wherein the instructions that cause the one or more processors to cause execution of the subroutine to be controlled based on the second MINRC in response to executing the subroutine call instruction comprise instructions that cause the one or more processors to overwrite the value stored in the MINRC register with an initial value for the second MINRC.
36. The computer-readable storage medium of claim 34, further comprising instructions that, when executed, cause one or more processors to:
cause execution of the program to be controlled based on the saved state of the first MINRC in response to executing a subroutine return instruction.
37. The computer-readable storage medium of claim 36, wherein the instructions that cause the one or more processors to cause execution of the program to be controlled based on the saved state of the first MINRC in response to executing a subroutine return instruction comprise instructions that cause the one or more processors to:
pop the saved state of the first MINRC from a stack storage structure; and overwrite a value stored in the MINRC register with a value corresponding to the saved state of the first MINRC.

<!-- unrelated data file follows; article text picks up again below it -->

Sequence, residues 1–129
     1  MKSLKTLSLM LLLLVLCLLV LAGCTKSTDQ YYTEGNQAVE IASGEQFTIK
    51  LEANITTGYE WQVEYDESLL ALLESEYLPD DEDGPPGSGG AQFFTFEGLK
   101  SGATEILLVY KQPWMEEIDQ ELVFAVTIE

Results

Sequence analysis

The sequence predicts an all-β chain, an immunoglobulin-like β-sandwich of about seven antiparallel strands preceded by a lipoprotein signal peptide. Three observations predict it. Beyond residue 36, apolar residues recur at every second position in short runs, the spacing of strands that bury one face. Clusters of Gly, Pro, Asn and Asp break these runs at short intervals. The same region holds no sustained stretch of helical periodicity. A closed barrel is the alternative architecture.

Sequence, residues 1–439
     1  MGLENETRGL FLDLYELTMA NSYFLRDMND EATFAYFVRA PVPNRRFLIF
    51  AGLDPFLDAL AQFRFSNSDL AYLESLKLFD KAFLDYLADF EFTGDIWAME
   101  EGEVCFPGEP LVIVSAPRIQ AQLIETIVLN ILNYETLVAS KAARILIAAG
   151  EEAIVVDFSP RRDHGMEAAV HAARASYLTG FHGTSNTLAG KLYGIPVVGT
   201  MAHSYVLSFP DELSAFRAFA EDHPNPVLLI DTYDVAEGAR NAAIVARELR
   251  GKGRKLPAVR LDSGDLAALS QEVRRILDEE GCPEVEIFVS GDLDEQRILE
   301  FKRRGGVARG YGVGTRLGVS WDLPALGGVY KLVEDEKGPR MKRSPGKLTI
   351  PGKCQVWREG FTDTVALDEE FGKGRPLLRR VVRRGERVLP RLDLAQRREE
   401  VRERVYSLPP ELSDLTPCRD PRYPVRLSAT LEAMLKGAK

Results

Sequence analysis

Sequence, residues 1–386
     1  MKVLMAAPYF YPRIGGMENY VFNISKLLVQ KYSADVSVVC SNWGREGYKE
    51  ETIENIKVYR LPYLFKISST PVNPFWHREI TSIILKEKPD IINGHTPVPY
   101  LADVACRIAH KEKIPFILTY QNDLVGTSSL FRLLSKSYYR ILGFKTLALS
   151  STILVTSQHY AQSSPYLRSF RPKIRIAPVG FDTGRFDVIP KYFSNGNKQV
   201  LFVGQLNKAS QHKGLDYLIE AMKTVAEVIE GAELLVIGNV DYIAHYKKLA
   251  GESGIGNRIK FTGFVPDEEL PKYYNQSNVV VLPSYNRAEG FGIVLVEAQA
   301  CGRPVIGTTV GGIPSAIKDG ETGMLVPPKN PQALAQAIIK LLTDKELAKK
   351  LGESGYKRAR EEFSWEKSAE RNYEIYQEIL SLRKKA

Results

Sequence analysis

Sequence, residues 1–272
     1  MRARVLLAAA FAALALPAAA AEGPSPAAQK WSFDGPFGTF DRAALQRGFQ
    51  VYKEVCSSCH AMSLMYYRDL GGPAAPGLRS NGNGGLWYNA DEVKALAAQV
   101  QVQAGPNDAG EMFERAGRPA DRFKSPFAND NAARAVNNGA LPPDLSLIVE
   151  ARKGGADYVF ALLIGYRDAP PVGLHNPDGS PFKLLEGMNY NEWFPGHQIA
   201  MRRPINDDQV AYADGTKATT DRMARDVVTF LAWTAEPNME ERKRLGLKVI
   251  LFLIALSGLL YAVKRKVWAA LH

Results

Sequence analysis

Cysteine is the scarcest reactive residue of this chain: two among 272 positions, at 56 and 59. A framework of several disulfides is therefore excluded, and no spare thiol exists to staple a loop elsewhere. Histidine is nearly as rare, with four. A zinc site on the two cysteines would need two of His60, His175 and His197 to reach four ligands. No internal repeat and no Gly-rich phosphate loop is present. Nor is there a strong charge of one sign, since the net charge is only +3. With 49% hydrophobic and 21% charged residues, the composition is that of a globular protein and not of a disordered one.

38. The computer-readable storage medium of claim 33, wherein each of the resume counter values is indicative of a program counter value at which a respective one of the threads that corresponds to the respective resume counter value is scheduled to be activated if the respective one of the threads is inactive.
39. The computer-readable storage medium of claim 38, wherein each of the resume counter values is equal to a default value if the respective one of the threads that corresponds to the respective resume counter value is active.
40. The computer-readable storage medium of claim 33, further comprising instructions that, when executed, cause one or more processors to:
set the second MINRC to a value indicative of a smallest resume counter value from the subset of the plurality of resume counter values.
PCT/US2013/054148 2012-09-10 2013-08-08 Executing subroutines in a multi-threaded processing system WO2014039206A1 (en)